The issue is not about the numbers of beds, more of which can always be created, but about the availability of health care professionals, who are exhausted from work and are taking holidays, she said.
"We have increased the fee for sick beds for COVID by 75 percent, but there is simply not enough staff," the prime minister went on.
EKRE MP: Will Estonia impose Latvia-style coronavirus restrictions?
EKRE MP Uno Kakspeit asked Kallas if Estonia would be likely to follow Latvia's lead and impose an emergency situation and harsher restrictions.
Kallas said under the Communicable Diseases Prevention and Control Act, known in Estonia as the NETS, the Estonian government has the right to take decisions on the crisis without having to declare an emergency situation (indeed the NETS was amended to implement just that – ed.).
While the government would first try to limit the spread of the infection with more lenient measures, Estonia will eventually reaching a point where restrictions as strict as those in Latvia have to be imposed cannot be totally ruled out, Kallas added.
Reform MP: What can be done to alleviate public fears over vaccine side-effects?
Margit Sutrop, an MP from Kallas' own party, Reform, and also a professor of philosophy, asked the prime minister what could be done to alleviate public fears over alleged side-effects of the coronavirus vaccination – currently three EU-approved manufacturers' products are being administered in Estonia – given this was one of the main stumbling blocks in Estonia reaching full, or at least fuller, vaccination coverage.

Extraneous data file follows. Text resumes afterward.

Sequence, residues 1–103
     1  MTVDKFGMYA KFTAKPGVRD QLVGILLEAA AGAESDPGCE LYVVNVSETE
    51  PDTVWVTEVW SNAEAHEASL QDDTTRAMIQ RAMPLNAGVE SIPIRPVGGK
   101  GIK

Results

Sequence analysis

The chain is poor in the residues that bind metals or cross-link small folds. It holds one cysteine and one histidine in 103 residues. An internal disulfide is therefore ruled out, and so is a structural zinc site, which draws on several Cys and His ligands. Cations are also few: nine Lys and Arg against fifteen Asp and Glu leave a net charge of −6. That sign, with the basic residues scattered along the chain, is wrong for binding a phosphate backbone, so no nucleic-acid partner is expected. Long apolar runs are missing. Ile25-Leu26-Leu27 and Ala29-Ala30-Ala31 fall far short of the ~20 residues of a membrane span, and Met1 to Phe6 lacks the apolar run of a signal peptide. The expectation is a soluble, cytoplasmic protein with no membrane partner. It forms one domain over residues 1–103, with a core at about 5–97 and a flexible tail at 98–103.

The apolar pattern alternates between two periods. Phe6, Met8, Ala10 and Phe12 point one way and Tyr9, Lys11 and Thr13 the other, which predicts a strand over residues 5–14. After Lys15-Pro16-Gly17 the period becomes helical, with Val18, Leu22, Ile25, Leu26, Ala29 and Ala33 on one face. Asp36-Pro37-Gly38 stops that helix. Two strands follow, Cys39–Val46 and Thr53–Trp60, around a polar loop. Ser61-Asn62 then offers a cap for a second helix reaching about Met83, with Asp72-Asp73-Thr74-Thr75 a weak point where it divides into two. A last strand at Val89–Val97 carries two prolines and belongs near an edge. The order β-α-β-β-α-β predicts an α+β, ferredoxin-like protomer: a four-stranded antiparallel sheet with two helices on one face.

Kallas said that these fears can be approached on a scientific basis, and in particular, doctors should explain both the coronavirus and vaccination issues to their patients. "I have repeatedly stated that family doctors can show that you should be more afraid of the disease, than of the vaccine," Kallas said.
A new raft of coronavirus restrictions entered into force on Monday, and will be valid until at least January. The new rules include the removal of proof of recent negative test results as a basis for gaining access to a whole range of different activities and events, and tightened up the requirement to wear a face-mask in a public place.
This article was updated to include the prime minister's comments on Tanel Kiik and Anneli Ott, and questions from Uno Kakspeit and Margit Sutrop.
Editor: Andrew Whyte